Art and Initiation in Liberia and Sierra Leone

When:
March 6, 2003 @ 10:00 am – 11:30 am
2003-03-06T10:00:00-08:00
2003-03-06T11:30:00-08:00
Where:
Goethe Room
California Academy of Sciences
55 Music Concourse Drive, San Francisco, CA 94118
USA

A Lecture

by William Siegmann

Reviewed by Jerry Jacob

William (Bill) C. Seigmann’s insightful slide lecture on the Art and Initiation ceremonies of the Sande and Poro Societies of Liberia and Sierra Leone was not only fascinating, it was an impromptu “homecoming” for the   former Curator of The Fine Arts Museums of San Francisco. Seigmann, now Chair of the Department of Arts of Africa and the Pacific Islands at the Brooklyn Museum of Art, shared his recollections, insights and extensive research findings with a full house of FEA members and their guests.

The Mende peoples of Western Liberia and Sierra Leone number near a million. Almost all of them are initiated into either the Sande/Bundu, (Female) or Poro (Male) secret societies. The more powerful women’s Sande’ Society is unique in African  culture: women actually wear and dance masks. The two mask forms used in Sande’ rites are the more familiar helmet mask Sowei/Ndole Sowei (Sowei means spirits of fecundity) and the Gonde-Gonde, which serves as a relief and is sometimes a re-carving of the no longer empowered Sowei mask. Gonde is considered a shameless hussy, provocative and comic. Gonde is typified by grotesque exaggerated features. The gifts bestowed upon her are given to the Majo or elder woman of the society who has control over the “hale” or medicine. The Majo is the teacher and ultimate power figure of the Sande’ and is shown great respect and deference for her maternally inherited status.

The traditional convention of the Sowei mask is a bulbous forehead overarching small eyes, a glossy black surface with intricate scarification which symbolizes the smooth, healthy skin of the young women, while a narrowing triangular face leads the eye to the diminished chin. The neck of the mask is large, encircled with many rings symbolizing rolls of flesh or water ripples reminiscent of those caused by the emergence of the newly reborn initiate. Decoration of the mask is highly individual and is taken from traditional cultural icons as well as from outside images found in the modern world – one example features a rendering of Queen Victoria’s Crown, taken from a coin.  Decoration, coiffure, adornment, scarification and costume are all honored as a means of setting humans apart from animals.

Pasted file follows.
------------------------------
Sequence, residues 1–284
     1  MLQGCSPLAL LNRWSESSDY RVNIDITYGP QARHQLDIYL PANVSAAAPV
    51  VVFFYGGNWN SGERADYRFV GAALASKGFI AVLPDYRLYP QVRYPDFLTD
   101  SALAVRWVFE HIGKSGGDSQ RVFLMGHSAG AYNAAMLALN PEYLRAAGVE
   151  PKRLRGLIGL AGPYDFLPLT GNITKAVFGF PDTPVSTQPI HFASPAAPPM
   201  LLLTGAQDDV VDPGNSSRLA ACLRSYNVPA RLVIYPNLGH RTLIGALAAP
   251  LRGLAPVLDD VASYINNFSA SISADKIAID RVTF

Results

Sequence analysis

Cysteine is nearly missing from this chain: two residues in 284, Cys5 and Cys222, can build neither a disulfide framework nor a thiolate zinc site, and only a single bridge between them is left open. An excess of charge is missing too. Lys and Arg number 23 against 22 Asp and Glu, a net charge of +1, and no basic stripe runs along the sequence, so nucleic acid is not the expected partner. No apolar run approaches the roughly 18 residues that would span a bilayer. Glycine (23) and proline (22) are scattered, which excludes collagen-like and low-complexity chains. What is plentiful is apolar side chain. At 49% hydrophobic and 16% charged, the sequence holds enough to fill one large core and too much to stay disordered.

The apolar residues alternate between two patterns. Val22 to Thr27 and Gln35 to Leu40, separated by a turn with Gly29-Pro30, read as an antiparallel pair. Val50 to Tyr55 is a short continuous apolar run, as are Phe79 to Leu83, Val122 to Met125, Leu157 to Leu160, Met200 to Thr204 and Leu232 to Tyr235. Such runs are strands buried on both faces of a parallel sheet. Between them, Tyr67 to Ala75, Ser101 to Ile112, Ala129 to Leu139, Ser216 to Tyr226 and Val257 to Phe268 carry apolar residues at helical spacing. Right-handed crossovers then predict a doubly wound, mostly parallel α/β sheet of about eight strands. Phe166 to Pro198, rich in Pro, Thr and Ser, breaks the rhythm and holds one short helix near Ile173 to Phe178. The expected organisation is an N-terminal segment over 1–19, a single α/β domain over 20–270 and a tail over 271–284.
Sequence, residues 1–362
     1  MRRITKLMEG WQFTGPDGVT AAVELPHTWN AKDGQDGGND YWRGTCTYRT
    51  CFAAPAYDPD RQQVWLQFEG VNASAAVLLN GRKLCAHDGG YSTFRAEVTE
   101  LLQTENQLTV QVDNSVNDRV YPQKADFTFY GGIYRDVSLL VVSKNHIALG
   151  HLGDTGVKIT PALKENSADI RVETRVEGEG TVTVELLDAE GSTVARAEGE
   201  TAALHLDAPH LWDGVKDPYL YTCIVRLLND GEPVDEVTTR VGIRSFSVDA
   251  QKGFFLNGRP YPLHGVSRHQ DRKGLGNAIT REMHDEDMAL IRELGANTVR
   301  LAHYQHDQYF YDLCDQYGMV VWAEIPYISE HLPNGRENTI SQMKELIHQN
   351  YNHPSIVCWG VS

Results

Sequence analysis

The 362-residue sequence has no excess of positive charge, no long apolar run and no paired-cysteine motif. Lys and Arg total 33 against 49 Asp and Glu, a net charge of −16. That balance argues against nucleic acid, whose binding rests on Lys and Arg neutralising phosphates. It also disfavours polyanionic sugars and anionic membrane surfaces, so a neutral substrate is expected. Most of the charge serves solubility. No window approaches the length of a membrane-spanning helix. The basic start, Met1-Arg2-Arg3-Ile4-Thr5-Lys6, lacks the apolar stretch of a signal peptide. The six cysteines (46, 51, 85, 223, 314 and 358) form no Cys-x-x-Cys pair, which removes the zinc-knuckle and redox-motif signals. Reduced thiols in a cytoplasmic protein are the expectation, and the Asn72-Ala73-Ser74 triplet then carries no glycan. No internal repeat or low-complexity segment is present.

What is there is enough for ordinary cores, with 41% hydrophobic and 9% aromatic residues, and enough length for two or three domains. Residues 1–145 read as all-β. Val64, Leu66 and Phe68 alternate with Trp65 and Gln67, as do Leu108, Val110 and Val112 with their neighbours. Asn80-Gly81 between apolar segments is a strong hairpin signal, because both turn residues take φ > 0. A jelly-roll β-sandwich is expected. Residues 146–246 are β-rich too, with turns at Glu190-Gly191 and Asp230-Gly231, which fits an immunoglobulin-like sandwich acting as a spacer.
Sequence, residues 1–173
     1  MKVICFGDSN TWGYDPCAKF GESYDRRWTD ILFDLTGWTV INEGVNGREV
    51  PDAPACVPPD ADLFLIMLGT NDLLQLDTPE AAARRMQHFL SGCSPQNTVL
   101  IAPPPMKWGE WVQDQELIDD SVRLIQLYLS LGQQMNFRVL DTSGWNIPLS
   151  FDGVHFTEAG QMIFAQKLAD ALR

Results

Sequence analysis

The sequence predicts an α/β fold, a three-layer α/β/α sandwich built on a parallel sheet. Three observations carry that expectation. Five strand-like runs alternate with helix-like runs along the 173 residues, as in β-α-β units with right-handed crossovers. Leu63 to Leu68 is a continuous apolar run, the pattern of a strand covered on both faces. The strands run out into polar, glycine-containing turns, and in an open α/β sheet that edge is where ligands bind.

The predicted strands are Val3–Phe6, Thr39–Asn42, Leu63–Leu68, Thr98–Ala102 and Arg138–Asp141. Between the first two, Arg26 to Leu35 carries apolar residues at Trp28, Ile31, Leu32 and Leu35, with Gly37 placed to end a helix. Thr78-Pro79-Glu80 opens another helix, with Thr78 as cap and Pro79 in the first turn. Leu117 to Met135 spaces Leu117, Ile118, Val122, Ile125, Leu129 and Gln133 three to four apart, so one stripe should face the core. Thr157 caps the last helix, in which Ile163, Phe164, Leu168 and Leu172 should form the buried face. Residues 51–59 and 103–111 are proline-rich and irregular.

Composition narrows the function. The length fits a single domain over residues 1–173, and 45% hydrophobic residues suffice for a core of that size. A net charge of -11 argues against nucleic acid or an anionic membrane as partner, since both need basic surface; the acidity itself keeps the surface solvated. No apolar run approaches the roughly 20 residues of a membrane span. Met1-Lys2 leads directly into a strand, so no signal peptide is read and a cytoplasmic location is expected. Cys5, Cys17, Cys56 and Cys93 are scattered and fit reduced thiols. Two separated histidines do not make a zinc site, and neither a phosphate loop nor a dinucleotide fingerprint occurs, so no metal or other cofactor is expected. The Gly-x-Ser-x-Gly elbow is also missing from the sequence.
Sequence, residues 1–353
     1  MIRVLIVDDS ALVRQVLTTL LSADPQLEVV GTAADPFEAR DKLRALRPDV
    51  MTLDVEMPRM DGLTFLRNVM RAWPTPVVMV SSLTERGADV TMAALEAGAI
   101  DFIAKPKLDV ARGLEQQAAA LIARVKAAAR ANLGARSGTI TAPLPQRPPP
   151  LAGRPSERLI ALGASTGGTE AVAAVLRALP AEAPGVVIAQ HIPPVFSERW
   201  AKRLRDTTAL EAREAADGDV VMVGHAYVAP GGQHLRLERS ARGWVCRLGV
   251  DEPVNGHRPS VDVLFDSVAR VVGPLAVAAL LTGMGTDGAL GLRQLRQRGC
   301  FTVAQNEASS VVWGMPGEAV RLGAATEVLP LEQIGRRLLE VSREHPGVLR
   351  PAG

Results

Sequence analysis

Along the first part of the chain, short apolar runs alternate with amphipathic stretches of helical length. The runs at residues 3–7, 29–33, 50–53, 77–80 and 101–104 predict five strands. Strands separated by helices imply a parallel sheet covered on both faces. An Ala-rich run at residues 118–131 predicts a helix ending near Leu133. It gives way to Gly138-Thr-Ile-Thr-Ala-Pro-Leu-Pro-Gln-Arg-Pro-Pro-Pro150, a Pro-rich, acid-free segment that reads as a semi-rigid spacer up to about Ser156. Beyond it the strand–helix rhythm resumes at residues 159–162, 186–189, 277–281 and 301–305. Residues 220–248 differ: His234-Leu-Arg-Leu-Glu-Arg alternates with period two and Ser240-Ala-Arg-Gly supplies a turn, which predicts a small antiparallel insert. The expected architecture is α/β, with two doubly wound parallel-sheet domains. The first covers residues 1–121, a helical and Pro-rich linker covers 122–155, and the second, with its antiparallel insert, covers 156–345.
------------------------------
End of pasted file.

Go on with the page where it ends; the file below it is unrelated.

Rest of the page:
Part of the women’s initiation includes the controversial practice of clitoridectomy, now performed by nurses or other medical practitioners. Seigmann cited a nurse who said that she had learned how to cause major blood flow while doing little actual “damage” to the initiates.

The male initiations follow a parallel path. Women’s initiation and life cycles are counted in threes, men’s cycles in sets of fours. The men’s “Poro” Society is one of the most sacred organizations among the Mende’ and by western standards, this institution is equivalent to an academic and a military    institution. As with the Sande’ society the concept of death of childhood and rebirth as an adult informs the symbolism and ritual. Children do not only learn the basics that they need to survive in life, but the values of the society are drilled into them. Originally boys were totally isolated from their mothers for  periods ranging from one to four years. Now the secret process takes four months.

At the beginning of the initiation ceremony the appearance of the Landai mask summons the young initiates into the forest to a retreat area especially  prepared for them. At the end of the initiation period the Landai mask is brought out again to spiritually devour the initiates in order that they may be reborn. The wooden mask is defined by a stylized jaw representing a crocodile, human eyes, and an often-decorated brow surmounted by a feathered or horned headdress. The Landai mask represents a bush spirit.

Upon the rebirth of leaving the camp both women and men are as infants and sit on mats while the elders again teach them how to speak, eat and conduct life as adults. The end of initiation is marked by a carnival-like celebration in which the men are permitted to cross-dress and mock the women and the elders.

This fascinating and informative lecture was followed by a lively question and  answer period.